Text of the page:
Based on the 1960 dark comedy film, Little Shop of Horrors centres on a geeky florist shop worker who discovers that his exotic foundling plant has an appetite for human blood.
When Pakuranga College’s production of this popular show opened on Wednesday
May 26, it was evident from the outset that the production team had a plethora of talent at their fingertips.
The impressive stage set features a charming flower shop and an ever-growing Venus fly trap.
The plant is a character in itself, expertly controlled by puppeteer Natasha Munn.
It’s voice, by turns cajoling and rude, is provided by Reuben Powell, whose dramatic skills proved more than up to the task of bringing the menacing ‘Audrey 2’ to life.
A small, live band is situated to one side of the stage for the whole show and, led by the College’s Head of Music, Richard Breed, they didn’t miss a step.
They didn’t overshadow the singers but complemented their sound and performed the bouncy ’50s doo-wop rock score with skill.
The show opens with a female trio who narrate the story.
Dressed in metallic ’80s prom dresses, Crystal (Karla Naude), Ronnette (Ashlee Myers) and Chiffon (Ava Purvis) gave us colourful harmonies and sassy personality throughout the entire show.
In fact, the show was awash with vocal talent.
The angelic voice of Jessica Sayer (Audrey), put paid to any dry eyes in the audience, particularly during her beautiful rendition of ‘Somewhere That’s Green’.
The emotion of this moment was further heightened by the accompanying duet performed by accomplished dancers Angelina Scott and Aleisha Moor.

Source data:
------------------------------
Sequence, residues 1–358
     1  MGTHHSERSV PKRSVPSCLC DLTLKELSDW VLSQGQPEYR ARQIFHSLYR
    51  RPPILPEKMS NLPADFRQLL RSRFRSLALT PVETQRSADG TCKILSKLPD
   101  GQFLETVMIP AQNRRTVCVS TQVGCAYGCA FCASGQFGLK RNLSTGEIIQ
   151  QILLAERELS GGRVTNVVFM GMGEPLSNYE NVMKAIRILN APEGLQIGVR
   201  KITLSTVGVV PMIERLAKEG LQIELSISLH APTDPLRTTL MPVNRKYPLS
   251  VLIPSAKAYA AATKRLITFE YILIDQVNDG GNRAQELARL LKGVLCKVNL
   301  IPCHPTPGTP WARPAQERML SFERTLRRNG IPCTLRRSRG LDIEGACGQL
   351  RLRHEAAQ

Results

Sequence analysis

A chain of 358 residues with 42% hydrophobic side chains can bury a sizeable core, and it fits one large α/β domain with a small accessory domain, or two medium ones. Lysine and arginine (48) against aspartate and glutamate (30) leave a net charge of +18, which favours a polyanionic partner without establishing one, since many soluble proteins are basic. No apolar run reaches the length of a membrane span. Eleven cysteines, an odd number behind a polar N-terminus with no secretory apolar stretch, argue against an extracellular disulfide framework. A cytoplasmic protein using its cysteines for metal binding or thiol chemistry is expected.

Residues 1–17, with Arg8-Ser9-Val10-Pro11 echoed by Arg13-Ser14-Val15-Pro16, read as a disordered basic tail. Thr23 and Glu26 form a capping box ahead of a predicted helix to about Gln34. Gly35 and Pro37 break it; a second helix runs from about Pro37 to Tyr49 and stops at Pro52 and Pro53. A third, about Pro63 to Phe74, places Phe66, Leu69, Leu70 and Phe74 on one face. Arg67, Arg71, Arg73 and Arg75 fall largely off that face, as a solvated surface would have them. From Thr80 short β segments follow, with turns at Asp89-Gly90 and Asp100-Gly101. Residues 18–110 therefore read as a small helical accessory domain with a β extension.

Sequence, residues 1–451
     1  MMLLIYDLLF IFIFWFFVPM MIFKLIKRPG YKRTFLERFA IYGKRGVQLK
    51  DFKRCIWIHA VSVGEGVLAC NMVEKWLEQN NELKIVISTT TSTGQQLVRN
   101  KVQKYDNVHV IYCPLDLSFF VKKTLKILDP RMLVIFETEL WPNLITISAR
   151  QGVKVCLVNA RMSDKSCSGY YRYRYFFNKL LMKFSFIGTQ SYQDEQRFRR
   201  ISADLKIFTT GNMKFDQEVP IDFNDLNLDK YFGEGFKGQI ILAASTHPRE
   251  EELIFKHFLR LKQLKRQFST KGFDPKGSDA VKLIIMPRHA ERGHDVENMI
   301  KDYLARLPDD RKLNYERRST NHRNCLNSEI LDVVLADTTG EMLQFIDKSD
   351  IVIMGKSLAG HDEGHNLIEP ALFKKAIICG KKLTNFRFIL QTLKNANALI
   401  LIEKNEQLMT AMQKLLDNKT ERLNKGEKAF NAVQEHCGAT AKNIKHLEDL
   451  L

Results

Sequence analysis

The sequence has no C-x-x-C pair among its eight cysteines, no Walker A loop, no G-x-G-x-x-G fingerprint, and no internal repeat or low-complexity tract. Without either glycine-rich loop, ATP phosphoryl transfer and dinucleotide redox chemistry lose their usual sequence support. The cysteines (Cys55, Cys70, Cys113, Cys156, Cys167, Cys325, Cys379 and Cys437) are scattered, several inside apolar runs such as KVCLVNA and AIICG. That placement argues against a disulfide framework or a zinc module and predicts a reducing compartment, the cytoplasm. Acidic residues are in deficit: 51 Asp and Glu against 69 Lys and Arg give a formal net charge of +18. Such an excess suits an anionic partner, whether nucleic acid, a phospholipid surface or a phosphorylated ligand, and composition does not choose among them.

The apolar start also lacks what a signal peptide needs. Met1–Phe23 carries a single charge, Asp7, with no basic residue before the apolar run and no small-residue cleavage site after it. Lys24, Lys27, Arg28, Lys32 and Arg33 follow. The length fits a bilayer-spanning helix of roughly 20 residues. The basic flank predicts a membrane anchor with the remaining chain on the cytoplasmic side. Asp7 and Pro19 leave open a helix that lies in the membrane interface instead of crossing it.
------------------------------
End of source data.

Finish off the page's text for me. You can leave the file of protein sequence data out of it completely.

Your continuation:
Carlos Norton’s Seymour would have been quite at home in a professional theatre.
His stage presence was superb and his mastery of the musical numbers on-point throughout the whole of the high-energy production.
Norton’s duet ‘Mushnik and Son’ with Mason Neethling was a comedic highlight of the show, with plenty of slapstick and great comic timing from both actors, which had my 9 year old son roaring with laughter.
Felicity Dowden was an inspired piece of casting as Orin, Audrey’s sadistic dentist boyfriend. She took on the hit song ‘You’ll be a Dentist’ and the physicality of the role effortlessly, and was delightfully swaggering and maniacal.
Each of the protagonists was wonderfully complemented by the ensemble cast, which ably kept up the energy and pace of the production, culminating in the rousing closing number ‘Don’t Feed the Plants’.
Wise words indeed!
By Roisin Lamb